Java was the most targeted development platform for exploit attacks during the first half of the year, and attacks have increasingly shifted to zero-day vulnerabilities, according to F-Secure's new threat report.
"Of the top five most targeted vulnerabilities, four are found in the Java development, either the Runtime Environment (JRE) or the browser plug-in," according to the report, based on information about attacks detected through F-Secure's sensors and telemetry systems. The company notes that it's not surprising Java is an appealing target since "next to the Windows operating system (also a popular target for exploits), Java is probably the second most ubiquitous program in an organization's IT setup."
Analysis of attacks shows the top five exploited vulnerabilities accounting for 95 percent of all attacks, with the U.S. the geographic location most targeted. F-Secure estimates 78 out of every 1000 users in the U.S. saw a detection identifying an exploit of a specific vulnerability in the last six months. Germany also saw a fairly high number of attacks with about 60 out of 1000 users hit within the same time frame.
"Unfortunately, removing either the runtime or plug-in may not be a feasible option for companies that use Java in business-critical instances," the F-Secure report points out. Defense and mitigation strategies might involve something more complicated than uninstalling a program, such as "some combination of tweaking Java's security settings, configuring web browser settings to minimize unwanted applet execution (or installing other third-party plug-ins to do so) and monitoring network traffic."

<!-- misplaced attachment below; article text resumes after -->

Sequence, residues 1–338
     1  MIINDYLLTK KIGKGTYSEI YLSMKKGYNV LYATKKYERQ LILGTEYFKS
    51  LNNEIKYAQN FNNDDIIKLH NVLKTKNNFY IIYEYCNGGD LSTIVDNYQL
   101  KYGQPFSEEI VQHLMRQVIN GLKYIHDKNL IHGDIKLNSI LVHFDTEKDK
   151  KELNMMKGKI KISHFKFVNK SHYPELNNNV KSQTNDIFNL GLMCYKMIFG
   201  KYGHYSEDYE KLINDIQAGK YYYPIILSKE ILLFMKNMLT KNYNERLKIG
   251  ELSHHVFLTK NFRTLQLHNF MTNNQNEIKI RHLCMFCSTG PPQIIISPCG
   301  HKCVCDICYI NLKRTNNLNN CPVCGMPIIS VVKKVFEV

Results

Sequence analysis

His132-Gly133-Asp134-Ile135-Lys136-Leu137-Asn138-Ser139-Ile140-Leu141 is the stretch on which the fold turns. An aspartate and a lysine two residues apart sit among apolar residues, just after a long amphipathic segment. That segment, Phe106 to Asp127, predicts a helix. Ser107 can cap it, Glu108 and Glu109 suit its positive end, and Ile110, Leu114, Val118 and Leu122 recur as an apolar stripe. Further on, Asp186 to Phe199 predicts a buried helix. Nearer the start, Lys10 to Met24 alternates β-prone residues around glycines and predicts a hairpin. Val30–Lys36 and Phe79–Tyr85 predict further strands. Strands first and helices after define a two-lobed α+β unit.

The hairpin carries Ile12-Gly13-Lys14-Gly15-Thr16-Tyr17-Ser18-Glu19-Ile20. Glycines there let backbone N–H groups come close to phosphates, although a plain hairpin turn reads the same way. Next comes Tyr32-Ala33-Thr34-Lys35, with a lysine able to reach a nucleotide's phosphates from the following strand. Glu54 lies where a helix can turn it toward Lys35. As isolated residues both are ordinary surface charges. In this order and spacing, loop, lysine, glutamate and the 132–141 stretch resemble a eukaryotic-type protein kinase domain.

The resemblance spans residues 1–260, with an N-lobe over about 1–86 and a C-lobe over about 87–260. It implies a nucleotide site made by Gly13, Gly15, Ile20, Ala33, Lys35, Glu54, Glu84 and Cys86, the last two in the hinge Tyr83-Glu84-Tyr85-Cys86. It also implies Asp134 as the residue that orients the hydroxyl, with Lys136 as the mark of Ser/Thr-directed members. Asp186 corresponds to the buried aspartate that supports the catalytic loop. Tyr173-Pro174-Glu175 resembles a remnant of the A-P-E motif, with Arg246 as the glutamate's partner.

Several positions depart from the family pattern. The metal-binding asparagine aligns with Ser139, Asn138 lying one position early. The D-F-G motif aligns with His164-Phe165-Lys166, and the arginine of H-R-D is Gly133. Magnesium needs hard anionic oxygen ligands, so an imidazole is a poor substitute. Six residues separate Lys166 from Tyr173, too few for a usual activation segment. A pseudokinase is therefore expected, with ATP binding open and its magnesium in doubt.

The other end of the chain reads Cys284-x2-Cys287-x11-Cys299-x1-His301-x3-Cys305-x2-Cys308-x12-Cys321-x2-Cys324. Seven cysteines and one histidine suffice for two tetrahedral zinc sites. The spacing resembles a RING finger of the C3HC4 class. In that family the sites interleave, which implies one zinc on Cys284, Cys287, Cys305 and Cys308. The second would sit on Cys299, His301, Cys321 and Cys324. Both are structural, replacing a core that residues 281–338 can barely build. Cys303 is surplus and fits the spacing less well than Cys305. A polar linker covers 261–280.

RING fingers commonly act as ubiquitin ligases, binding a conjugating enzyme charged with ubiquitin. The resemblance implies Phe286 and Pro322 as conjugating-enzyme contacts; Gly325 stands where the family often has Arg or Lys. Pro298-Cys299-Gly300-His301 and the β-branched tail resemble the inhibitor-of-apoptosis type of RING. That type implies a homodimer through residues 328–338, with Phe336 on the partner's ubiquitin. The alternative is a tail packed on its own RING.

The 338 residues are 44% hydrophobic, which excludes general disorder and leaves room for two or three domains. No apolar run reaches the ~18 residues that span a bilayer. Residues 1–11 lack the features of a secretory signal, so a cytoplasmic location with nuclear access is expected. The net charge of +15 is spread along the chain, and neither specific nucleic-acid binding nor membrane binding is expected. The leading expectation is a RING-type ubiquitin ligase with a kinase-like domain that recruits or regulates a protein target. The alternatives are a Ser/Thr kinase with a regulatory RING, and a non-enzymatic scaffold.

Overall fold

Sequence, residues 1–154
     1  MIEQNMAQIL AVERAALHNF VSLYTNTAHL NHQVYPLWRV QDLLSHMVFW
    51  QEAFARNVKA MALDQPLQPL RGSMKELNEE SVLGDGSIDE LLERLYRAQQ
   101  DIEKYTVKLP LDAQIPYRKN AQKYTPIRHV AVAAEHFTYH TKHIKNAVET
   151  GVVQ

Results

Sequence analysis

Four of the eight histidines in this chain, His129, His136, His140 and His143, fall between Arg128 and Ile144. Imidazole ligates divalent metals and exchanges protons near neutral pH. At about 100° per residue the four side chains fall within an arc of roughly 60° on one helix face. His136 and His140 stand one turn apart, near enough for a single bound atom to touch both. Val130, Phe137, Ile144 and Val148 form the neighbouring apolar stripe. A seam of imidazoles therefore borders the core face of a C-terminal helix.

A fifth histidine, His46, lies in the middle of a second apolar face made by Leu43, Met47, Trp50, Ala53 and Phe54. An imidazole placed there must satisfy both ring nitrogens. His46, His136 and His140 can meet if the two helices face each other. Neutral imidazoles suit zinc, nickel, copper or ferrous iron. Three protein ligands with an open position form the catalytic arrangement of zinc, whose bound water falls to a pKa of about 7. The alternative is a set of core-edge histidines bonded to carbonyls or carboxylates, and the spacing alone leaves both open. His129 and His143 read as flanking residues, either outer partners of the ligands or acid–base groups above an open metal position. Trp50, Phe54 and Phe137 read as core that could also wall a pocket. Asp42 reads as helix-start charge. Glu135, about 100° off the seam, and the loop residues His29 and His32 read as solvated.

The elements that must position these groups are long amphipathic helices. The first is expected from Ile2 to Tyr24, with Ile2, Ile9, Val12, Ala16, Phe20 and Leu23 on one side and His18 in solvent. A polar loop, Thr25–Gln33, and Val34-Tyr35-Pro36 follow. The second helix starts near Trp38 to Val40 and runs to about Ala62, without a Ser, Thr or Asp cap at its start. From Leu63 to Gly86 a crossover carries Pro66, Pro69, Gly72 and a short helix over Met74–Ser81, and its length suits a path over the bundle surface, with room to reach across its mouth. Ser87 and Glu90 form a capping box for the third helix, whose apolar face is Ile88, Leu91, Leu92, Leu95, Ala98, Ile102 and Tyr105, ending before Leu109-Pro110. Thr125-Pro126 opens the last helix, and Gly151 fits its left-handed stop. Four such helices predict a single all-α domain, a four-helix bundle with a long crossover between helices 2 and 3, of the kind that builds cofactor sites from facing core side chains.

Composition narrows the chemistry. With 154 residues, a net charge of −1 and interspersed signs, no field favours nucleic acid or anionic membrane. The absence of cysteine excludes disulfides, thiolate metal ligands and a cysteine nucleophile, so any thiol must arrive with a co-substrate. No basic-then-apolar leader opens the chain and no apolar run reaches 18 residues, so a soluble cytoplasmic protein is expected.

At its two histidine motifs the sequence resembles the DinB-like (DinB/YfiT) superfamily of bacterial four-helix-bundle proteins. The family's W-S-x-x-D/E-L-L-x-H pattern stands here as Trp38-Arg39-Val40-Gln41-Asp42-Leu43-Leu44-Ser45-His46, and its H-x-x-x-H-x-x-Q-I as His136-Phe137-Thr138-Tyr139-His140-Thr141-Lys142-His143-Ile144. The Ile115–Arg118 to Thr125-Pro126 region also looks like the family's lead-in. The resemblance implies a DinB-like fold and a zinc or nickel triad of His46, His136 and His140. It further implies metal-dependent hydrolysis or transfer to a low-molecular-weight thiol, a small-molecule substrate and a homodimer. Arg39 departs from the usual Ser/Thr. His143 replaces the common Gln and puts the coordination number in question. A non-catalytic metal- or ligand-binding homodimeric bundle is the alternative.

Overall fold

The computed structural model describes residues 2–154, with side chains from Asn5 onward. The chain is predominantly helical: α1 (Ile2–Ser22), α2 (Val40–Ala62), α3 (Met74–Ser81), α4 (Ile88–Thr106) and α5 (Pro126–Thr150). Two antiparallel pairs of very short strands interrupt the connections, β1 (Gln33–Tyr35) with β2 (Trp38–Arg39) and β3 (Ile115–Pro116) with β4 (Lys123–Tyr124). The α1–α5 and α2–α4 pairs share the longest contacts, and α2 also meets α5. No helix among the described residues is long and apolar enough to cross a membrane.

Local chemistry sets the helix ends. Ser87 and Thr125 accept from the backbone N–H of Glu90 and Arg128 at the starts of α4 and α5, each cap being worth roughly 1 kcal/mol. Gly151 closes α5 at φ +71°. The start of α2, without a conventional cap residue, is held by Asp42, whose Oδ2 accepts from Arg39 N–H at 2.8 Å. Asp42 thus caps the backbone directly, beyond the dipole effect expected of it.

F-Secure says 70 percent of the exploit-related attacks are carried out by means of five kits: BlackHole, SweetOrange, Crimeboss, Styx, and Cool. All of these remain under active development.
Another security threat to be reckoned with in the first half of 2013: Mac malware. F-Secure reports it saw the "first Mac malware signed with a valid Apple Developer ID," an ominous event because this allowed the malware to bypass Apple's first line of defense. After independent researcher Jacob Appelbaum identified the malware, Apple was swift in revoking the misused developer ID attributed to "Rajinder Kumar" (hence this malware has been dubbed "Kumar in the Mac").
While this is noteworthy, malware targeting Android continued to dominate mobile threats in the first half of the year, according to the report. Of interest is the discovery of Android malware dubbed Stels, which is designed for distribution via spam e-mails and a bot that uses Twitter to update its command-and-control server addresses.